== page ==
Friday Headlines, February 21, 2014
THE LATEST IN THE GEOSCIENCES
Mars’ mystery rock no longer a mystery
An earthquake in Bristol. (Wonder if it shook with a cool accent?)
Storms expose a fossil forest
I reported this one on January 24. A rock had seemingly appeared out of nowhere next to the Mars Opportunity rover.
Now scientists have figured out where it came from. It was a simple matter of driving the rover a little ways further, then looking back.
The image clearly shows a freshly broken rock right along Opportunity’s tracks. The broken rock and Pinnacle Island both have the same overall appearance.
So far as NASA scientists are concerned, this mystery is solved.
I don’t usually think of England as being a particularly tectonically active place. But here it stands as proof that earthquakes can happen anywhere.
There are no major tectonic boundaries in England. Such earthquakes tend to be small and occur on faults that have been reactivated to release tiny amounts of stress that have built up over millions of years due to more distant activity.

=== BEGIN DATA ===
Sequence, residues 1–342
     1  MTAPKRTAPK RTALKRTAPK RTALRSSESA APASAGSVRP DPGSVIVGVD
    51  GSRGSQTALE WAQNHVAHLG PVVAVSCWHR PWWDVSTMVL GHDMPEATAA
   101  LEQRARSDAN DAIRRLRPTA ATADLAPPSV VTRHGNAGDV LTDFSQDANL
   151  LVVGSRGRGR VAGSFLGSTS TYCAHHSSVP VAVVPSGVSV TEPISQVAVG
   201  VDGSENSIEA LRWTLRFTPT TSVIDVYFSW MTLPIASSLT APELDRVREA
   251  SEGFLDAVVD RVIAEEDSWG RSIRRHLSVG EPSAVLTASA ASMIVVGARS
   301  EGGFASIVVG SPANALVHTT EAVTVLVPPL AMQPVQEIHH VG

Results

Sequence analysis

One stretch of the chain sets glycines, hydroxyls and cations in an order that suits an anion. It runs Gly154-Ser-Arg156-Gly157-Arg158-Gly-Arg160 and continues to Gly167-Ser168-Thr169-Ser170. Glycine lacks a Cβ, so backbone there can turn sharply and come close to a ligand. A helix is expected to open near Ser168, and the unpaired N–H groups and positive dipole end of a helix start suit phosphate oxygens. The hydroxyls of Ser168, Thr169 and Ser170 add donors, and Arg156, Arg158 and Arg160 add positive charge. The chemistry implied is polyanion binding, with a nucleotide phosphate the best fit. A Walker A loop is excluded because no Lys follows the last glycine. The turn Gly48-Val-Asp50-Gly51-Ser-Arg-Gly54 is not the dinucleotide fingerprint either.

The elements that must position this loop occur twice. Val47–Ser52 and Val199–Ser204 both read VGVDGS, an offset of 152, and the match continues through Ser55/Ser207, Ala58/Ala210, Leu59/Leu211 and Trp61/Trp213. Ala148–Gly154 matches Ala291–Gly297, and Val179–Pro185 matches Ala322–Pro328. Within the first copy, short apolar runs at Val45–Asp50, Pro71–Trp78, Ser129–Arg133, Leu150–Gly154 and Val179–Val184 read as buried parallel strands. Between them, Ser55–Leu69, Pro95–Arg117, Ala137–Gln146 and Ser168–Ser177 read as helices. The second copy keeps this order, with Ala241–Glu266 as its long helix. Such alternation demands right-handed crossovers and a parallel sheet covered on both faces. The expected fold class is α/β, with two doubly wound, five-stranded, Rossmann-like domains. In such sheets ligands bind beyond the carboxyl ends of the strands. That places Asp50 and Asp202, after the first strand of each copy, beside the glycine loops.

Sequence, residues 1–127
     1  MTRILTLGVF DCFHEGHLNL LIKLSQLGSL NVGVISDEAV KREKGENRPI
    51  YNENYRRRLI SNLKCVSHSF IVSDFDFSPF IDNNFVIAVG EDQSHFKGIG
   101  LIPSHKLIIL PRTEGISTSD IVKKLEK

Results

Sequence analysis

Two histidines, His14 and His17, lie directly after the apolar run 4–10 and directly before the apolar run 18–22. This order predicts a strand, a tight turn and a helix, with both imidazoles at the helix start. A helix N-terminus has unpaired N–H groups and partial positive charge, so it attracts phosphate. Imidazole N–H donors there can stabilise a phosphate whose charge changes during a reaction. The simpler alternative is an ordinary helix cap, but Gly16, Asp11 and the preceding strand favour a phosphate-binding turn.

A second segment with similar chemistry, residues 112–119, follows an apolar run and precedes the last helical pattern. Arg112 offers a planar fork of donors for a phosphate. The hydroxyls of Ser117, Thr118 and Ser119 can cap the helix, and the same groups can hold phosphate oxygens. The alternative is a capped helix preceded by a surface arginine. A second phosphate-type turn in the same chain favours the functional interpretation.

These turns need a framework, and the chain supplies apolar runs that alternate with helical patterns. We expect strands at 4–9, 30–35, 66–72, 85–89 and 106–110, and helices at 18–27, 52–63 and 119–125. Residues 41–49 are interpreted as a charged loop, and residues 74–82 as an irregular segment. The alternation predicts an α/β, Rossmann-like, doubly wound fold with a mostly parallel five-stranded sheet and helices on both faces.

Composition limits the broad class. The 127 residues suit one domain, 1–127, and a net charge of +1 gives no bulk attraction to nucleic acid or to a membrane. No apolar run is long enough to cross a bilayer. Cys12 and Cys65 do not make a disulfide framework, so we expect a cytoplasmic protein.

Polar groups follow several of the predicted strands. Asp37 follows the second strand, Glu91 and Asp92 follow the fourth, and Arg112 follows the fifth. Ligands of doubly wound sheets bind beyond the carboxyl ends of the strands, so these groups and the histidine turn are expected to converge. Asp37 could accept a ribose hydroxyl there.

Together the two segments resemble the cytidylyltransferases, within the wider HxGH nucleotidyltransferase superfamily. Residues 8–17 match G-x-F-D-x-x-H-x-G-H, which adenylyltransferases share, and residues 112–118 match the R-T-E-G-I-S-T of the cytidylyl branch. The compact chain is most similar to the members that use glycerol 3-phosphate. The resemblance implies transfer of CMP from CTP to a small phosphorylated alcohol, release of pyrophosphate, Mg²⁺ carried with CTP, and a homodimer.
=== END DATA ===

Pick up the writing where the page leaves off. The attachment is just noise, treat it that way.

It doesn’t mean that parts of England are going to suddenly slip into the ocean.
This is just cool. Sea level rise some 4500 years ago blanketed a forest off the coast of Wales. This petrified forest is the basis for the legent of Cantre’r Gwaelod , a supposed lost kingdom. Recent storms have uncovered some new features of this petrified forest and the pictures are pretty cool.